Two recent stories gave me the idea for this blog, which is about not giving up on good ideas too early just because the initial execution didn’t work.
The first story was one I heard at a recent meeting, where someone told me about an unusual feedback program in some French public toilets. Yes, toilets. And why not? Continuous monitoring of user satisfaction is surely a good initiative and allows the operator to optimise things like cleaning and maintenance intervals, stock levels etc. Proof of customer satisfaction can also provide the facility manager with good arguments when it comes to renewing their contract or to decide whether investment is required.
At least, that’s the theory, because here comes the terrible execution: Someone decided that it would be fun to install a panel near the toilet exit displaying a smiling face and sad face next to each other. The smiling face had a green hand printed underneath it and below the sad face was a red hand. Customers leaving the toilet can give their feedback simply by placing their hand on the green or red hand symbol and an electronic sensor inside the panel registers the votes. Sounds like fun, right? But in a public toilet? These days, in most modern toilets, the doors, taps, hand dryers, and even flushes are contact-less – and here users are expected to actually touch a panel to voice their satisfaction?
Maybe a contact-less voting system would have made more sense? I just hope the terrible execution didn’t kill the good idea and positive intention!
Another story I read in a book recently was about failure and how successful people embrace failure in order to eventually overcome it. Some of the more striking examples are R. H. Macy, who started seven failed businesses before finally hitting big time with his store in New York City, and Colonel Sanders, the Kentucky Fried Chicken guy, who had to overcome numerous rejections (apparently his chicken recipe was rejected 1,009 times before a restaurant accepted it), but eventually succeeded with his franchise idea. These are just two examples of people who believed in their goals and were never discouraged by failure.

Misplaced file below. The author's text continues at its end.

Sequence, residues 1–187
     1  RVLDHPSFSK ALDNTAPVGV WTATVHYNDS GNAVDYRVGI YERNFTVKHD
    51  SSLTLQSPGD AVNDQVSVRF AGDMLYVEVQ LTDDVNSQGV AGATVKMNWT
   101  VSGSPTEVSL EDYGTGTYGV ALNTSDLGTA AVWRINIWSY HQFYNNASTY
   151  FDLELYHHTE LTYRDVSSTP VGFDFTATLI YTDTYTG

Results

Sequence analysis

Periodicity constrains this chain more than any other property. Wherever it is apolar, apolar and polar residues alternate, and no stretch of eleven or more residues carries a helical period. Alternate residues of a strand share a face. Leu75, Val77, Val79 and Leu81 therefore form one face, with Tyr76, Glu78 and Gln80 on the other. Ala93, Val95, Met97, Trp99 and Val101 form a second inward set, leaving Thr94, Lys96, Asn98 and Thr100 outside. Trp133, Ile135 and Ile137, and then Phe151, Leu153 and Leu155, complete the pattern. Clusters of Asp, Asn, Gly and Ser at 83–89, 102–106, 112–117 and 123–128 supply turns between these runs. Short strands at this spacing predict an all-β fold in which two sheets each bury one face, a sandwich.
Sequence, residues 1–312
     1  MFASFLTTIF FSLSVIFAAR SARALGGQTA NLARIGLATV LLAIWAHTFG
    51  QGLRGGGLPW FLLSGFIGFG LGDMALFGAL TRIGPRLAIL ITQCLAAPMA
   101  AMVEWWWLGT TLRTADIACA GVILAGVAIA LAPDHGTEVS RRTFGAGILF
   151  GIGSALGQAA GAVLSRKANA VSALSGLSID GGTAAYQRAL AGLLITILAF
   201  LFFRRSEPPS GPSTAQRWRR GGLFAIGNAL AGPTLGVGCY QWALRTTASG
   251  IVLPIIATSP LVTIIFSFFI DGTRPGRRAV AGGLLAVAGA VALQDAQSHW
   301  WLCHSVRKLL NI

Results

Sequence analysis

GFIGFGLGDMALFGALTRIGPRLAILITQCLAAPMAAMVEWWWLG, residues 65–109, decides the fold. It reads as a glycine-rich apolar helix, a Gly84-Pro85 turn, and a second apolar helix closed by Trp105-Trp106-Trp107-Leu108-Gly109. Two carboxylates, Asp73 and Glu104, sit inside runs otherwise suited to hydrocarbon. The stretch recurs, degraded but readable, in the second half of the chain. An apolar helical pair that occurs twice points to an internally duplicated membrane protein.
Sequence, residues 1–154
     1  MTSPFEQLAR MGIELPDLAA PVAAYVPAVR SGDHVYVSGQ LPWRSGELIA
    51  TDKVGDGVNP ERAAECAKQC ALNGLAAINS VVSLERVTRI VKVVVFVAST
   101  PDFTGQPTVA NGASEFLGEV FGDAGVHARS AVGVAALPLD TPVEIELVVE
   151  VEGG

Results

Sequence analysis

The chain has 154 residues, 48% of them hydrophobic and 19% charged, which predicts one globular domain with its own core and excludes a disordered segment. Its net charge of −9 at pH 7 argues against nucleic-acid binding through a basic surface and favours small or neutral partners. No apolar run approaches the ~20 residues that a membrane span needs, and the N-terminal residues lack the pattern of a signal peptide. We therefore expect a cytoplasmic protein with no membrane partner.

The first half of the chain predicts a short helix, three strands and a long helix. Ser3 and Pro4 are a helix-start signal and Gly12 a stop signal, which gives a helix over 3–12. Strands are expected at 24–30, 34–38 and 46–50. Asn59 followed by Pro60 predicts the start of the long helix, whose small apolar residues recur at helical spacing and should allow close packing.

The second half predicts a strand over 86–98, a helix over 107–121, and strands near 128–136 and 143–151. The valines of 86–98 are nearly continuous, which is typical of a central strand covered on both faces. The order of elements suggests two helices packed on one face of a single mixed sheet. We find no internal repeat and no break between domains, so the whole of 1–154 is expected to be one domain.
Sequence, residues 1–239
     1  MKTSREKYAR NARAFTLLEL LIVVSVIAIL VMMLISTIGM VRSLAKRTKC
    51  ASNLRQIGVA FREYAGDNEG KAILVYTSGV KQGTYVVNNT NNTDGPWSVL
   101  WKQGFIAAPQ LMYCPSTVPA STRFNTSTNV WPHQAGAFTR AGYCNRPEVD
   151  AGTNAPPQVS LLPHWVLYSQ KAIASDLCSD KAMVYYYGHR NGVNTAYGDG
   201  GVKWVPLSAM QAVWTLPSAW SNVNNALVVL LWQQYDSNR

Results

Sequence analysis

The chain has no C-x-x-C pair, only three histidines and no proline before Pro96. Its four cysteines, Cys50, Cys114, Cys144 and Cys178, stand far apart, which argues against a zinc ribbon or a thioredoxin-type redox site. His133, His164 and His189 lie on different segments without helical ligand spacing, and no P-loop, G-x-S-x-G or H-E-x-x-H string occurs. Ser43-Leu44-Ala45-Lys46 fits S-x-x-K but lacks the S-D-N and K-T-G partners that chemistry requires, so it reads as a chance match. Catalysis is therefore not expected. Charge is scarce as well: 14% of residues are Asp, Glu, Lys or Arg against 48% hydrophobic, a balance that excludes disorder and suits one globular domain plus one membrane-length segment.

Of course, as this is a Friends of Feedback blog, I am applying this to customer feedback and online communities.
I am not suggesting that you should aim to fail, but if you have failed in the past, don’t be discouraged. It doesn’t necessarily mean that the concept is at fault, but could be evidence of bad execution.
There is a lot of proof out there that feedback and engagement improves business performance, if executed well. To be successful, work with partners and technology that add value, give good advice, facilitate best practice, and most importantly, are flexible in their approach and seek to understand your business rather than prescribing a one-method-fits-all approach.
Do you have any feedback failure stories? I’ll be interested to hear them!
voice of the customer
Customer Experience Management
increase response rate
voice of the employee